I wish I had more of substance to say. It’s always a close call – post something trivial or don’t post at all. Such are the dilemmas of being an average guide with a gloriously boring life.

The Gentle Readers Rocked

We went to Atlanta last weekend and I got to see the Gentle Readers play. It’s an increasingly rare occurrence that they perform a show and I never know when it will be the last time, so I really wanted to go and catch them one more time. It was great, although I was probably the person most into in the room. Most people were there for the Susi French Connection, who were also great. It’s hard to have a bad time during a bunch of 70s covers. I gamely played along, although when they did “The Hustle” I got the hell out of the way. I didn’t want to cause a 13 disco pileup.

All in all it was a fun weekend, although with a high ratio of ass hauling. We did a little shopping in Atlanta. There was one moment where some sort of reality show came through the TJ Maxx we were in. Reality my ass, there is an unavoidable field of contrivance an unreality that surrounds these affairs and I could not wait to get out of the room with it.

I hope it isn’t five more years before the next Gentle Readers show. Even if it is, I hope I can make it to that one too. I need me some Lee Cuthbert guitars. As the song goes, “When the amplifiers hum, that’s where I belong.”

Dubious Records

One of my true OCD traits is that I mark durations and personal records frequently. Since I’ve spent much of my life nomadic, since I left for college at age 18, I have lived in 14 different dwellings in 6 different metro areas. In the 1995 to 2004 time period, we held drivers licenses in 5 different states. That’s a whole lot of moving trucks, lessee background checks and mortgage closings. My relief at having stayed put for the last 4 years spills out into some statistics.

We’ve already well shattered the record for living in the same dwelling at 4 years, 2 months and counting. The previous high was almost exactly 3 years. We’ve had the same yard man and plumber longer than I’ve had a dentist or doctor in my adult life. There is an amazing sense of relief and statisfaction I get at going in to the same dentist for the 9th consecutive checkup. For a long time, way too many of our visits were first visits to a new one, meaning I’ve gotten way more full mouth x-rays than are reasonable for a man my age with no dental problems.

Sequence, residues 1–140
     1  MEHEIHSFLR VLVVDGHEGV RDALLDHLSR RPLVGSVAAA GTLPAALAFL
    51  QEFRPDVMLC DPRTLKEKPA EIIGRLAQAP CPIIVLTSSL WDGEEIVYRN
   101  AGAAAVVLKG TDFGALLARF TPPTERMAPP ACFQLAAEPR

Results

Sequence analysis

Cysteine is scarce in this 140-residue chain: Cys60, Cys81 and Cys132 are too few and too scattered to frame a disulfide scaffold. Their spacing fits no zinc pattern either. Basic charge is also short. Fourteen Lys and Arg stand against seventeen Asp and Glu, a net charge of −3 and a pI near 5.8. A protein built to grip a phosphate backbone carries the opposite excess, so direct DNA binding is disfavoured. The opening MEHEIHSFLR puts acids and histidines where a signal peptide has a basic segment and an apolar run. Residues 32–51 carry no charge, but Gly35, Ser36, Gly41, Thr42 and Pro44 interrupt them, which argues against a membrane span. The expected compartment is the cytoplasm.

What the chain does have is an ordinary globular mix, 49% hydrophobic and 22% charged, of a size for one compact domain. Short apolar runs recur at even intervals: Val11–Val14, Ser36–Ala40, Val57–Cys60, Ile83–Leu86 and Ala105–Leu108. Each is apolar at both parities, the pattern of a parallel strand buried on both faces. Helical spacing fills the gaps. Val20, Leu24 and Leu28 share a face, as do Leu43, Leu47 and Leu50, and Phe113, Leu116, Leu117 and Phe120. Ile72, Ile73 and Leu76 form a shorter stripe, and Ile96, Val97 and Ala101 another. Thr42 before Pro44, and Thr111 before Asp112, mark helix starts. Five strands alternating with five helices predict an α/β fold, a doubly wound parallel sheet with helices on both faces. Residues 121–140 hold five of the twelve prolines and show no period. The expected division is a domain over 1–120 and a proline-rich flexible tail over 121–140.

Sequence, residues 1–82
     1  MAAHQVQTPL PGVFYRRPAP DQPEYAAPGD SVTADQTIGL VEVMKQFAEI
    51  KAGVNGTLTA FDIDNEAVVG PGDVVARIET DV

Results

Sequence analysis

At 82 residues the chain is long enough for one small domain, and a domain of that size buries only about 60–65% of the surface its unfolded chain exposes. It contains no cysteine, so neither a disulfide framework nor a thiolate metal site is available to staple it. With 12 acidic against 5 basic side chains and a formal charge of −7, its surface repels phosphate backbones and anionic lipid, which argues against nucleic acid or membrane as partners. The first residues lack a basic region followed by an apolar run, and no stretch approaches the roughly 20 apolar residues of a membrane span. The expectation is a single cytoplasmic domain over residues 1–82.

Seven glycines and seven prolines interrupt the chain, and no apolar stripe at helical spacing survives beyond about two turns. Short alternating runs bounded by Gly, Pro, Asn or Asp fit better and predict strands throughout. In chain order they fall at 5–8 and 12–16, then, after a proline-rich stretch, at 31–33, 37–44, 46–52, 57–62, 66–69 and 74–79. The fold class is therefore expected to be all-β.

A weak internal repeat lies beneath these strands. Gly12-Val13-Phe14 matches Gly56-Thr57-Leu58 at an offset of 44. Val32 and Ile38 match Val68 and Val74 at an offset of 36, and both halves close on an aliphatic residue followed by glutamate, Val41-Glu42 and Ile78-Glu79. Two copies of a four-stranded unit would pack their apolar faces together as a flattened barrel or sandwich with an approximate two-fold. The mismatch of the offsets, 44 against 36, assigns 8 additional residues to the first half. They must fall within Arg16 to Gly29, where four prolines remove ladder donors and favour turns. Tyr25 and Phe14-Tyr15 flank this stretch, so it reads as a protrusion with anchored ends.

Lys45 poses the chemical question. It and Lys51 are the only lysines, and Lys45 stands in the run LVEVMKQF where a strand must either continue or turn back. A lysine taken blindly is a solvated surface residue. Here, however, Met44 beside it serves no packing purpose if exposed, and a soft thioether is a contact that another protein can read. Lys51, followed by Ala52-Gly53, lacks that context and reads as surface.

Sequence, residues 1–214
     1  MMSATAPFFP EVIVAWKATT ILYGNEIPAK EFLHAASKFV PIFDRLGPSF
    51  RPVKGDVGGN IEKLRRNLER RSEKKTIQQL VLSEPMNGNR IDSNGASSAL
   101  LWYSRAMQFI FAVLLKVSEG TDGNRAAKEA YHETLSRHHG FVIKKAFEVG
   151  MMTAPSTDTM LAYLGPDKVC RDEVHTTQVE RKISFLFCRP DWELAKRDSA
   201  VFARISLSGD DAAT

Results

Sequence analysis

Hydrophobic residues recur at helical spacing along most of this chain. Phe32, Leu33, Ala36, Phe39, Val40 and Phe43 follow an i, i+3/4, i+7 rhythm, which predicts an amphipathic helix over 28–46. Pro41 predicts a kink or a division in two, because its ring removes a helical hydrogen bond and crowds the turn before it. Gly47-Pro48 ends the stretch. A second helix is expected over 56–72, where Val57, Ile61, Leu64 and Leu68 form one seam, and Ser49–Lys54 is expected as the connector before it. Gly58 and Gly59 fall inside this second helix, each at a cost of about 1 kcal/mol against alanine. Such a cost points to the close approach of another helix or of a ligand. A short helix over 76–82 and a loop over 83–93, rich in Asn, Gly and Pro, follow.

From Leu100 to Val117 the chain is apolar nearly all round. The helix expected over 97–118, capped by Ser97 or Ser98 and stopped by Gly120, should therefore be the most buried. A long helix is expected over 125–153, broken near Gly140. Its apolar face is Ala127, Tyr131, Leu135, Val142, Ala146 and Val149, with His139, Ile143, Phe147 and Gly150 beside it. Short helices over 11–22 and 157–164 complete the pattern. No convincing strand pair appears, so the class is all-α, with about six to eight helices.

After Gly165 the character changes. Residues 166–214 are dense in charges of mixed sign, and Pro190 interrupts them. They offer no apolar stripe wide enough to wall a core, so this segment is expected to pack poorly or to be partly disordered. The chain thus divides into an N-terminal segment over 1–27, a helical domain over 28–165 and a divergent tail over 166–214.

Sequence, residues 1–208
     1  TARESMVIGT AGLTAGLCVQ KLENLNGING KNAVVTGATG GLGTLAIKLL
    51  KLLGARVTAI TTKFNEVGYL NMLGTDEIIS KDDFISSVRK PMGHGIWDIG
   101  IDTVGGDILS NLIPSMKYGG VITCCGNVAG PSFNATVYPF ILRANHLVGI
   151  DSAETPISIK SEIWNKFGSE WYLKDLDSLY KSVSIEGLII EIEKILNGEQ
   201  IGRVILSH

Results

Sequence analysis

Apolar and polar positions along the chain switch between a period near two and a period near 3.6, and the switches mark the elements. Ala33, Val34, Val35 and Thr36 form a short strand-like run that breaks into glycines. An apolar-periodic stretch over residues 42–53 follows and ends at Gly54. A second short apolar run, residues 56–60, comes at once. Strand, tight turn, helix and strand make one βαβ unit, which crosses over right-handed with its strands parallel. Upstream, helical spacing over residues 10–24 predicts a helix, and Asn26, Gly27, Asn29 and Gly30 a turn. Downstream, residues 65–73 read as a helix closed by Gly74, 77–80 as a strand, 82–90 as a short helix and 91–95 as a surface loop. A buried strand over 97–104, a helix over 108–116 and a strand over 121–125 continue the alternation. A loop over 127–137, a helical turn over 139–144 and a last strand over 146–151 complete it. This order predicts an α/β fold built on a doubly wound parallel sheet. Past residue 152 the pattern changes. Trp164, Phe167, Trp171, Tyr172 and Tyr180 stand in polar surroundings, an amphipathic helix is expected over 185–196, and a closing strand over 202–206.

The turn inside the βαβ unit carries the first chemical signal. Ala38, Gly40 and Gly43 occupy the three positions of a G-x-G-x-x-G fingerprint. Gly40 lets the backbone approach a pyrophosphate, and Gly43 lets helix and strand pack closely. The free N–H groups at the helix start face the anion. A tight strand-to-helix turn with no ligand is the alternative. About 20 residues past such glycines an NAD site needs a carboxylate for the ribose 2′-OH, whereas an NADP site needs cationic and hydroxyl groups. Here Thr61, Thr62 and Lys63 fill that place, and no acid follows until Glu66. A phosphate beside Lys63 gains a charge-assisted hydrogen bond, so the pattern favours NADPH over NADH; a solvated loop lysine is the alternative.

Somewhere recently I passed the point of my current job being my longest stint at any computer industry gig I’ve ever held. I’m at 2 years, 3 months having passed the 2 year, 2 month record. I have about 4 more months and this becomes the longest running single job I’ve ever held, period. It makes me sound flighty but there was a long period where I held no job for longer than 1 year, to the point where it became a joke amongst my friends. If you think about the moving, though, there were a number of gigs I had to leave when I moved and a number that went belly up or laid me off.

This stuff probably means very little to anyone else but I think about it more than it really warrants. Most people don’t find owning the same house for 4 years to be such a novelty but for me it is a complete release that makes me happy. The simple things are the best, aren’t they?

Normal Life

Observation: When you spend a whirlwind weekend driving out of town, attending a new media conference, organizing part of it on really really short notice, attending shindigs and basically running around like crazy, it makes it seem a little weird and immensely pleasurable to resume your normal boring life.

Limping Along

Thanks to those who have sent along words of encouragement. After two days of convalescing on the couch, I’m back up and well enough to go to work. I spent that time mostly asleep and watching some of the oldest movies on my DVR when I could stay conscious for 90 or 120 minutes at a time. I give big thumbs ups to O Brother, Where Art Thou? and The Million Dollar Hotel, and a huge thumb down to High Roller – The Stu Ungar Story. Luckily all three movies are weird enough that seeing them doped up on generic Nyquil adds to the experience. I also watched and enjoyed Return of the Secaucus 7 but that’s one that the doping detracted from.